Photo: Red Hill.
Western Digital Caviar 1.28 Family
WD was the last major maker to use thin-film head technology across its entire desktop model range — IBM, Seagate, Quantum, Maxtor and Fujitsu all switched to MR heads before Western Digital — and these members of the Caviar 1.28 family were the last thin-film drives ever made. They were excellent performers nevertheless. This family of drives was also the last to spin at Western Digital's traditional 5200 RPM instead of the standard 5400.
(At this point the alert reader will recall that I described the Seagate Medalist 4500 as the last thin-film head drive. This is correct! The WD was released long after the Medalist 4500, but ceased production earlier, so both drives can claim to be the "last", depending on which way you look at it.)
The 2.5GB AC22500 was very popular here at Red Hill, and great value for money. The 2.0GB AC22000 is mainly included for the sake of interest as we only sold a few dozen of this excellent but short-lived drive. It was our original replacement for the wonderful old IBM Deskstar 2.1, and was itself soon replaced on WD Australia's shelves (for some unknown reason) by the marginally larger but older and slightly slower AC22100 . Notice how the three WD 2GB drives form a neat sequence of shrinking head-count, lower cost, and higher performance. The pattern reached its logical conclusion a little later still with the single platter AC12100, which was the last of the Western Digital 2GB drives.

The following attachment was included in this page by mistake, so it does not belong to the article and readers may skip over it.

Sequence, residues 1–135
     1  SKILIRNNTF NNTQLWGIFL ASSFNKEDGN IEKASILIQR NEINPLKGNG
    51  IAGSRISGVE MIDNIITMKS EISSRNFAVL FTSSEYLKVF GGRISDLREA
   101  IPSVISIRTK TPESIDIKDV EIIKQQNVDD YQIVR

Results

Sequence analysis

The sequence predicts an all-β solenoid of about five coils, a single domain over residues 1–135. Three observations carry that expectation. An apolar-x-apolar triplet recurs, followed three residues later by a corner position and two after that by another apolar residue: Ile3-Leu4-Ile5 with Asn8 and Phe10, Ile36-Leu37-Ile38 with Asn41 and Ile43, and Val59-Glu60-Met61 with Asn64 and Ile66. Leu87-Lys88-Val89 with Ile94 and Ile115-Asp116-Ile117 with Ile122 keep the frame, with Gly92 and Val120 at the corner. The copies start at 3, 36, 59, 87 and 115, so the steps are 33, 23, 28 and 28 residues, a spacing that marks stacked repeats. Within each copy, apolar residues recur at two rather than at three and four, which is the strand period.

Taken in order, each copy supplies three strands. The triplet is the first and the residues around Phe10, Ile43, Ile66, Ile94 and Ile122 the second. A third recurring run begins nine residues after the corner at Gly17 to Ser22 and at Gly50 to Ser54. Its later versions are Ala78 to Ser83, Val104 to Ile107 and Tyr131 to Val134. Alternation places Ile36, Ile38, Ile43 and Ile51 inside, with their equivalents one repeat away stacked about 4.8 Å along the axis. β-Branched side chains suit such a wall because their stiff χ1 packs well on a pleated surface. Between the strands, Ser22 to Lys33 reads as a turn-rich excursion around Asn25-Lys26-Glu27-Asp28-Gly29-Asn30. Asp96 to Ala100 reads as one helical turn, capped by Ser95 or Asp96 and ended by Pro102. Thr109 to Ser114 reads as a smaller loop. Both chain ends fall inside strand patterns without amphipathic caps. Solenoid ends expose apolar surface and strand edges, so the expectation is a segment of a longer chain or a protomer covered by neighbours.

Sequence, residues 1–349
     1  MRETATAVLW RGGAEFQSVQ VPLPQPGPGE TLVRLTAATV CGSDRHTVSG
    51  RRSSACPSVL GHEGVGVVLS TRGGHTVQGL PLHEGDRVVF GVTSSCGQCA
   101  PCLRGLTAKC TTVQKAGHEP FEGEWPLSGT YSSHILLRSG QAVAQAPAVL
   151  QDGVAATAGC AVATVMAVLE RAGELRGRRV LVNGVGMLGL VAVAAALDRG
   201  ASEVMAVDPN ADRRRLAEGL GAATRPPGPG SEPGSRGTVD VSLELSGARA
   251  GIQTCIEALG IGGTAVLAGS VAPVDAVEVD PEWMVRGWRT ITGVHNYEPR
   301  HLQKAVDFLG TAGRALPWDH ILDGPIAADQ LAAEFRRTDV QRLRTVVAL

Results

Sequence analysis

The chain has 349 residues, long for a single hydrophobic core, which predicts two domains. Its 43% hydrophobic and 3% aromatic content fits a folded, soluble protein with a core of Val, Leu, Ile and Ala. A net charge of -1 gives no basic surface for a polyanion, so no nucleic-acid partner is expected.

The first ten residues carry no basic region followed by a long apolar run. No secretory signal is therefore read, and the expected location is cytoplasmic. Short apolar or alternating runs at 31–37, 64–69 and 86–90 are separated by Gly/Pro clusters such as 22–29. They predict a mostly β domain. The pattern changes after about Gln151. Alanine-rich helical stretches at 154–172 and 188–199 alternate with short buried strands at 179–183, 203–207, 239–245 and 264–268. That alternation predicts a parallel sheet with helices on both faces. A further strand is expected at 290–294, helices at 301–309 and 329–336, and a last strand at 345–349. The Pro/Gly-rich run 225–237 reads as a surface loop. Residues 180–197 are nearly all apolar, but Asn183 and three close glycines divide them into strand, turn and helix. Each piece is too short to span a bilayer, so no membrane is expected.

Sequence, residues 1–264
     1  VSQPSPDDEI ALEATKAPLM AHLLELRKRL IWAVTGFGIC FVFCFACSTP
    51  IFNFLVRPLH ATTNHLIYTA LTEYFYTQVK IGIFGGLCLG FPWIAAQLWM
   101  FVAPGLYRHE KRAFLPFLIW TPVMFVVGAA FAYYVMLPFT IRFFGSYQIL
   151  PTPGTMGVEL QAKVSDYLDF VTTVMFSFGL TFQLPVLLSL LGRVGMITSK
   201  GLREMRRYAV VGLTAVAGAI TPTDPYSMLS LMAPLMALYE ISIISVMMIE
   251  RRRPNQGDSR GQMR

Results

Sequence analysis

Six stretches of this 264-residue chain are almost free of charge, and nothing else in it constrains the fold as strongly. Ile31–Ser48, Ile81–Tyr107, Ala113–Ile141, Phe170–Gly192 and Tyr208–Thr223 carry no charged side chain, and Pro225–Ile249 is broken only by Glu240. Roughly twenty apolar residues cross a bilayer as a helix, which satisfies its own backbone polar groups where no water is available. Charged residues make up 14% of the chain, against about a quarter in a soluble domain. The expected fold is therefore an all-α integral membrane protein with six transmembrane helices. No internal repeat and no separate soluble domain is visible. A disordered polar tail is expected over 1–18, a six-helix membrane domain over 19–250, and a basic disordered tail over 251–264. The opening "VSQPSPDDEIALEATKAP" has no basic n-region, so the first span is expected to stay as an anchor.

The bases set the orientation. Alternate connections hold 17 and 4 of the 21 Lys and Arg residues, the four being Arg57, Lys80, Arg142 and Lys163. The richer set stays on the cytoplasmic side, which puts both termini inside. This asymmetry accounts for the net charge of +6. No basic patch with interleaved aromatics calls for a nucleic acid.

As a rule of thumb, the appearance of single platter drives signaled the beginning of the end for a size category; in the 1990s only about half the manufacturers would usually bother to do a single platter model — it was a finely balanced equation: was it better to tool up for a short production-run, low-cost new single platter drive, or just to keep on making the old two-platter model for a while longer?
|Data rate||114 Mbit/sec||Spin rate||5200 RPM|
|Platter capacity||1.28GB||Interface||mode 4|
|Read channel||PRML||Head technology||thin film|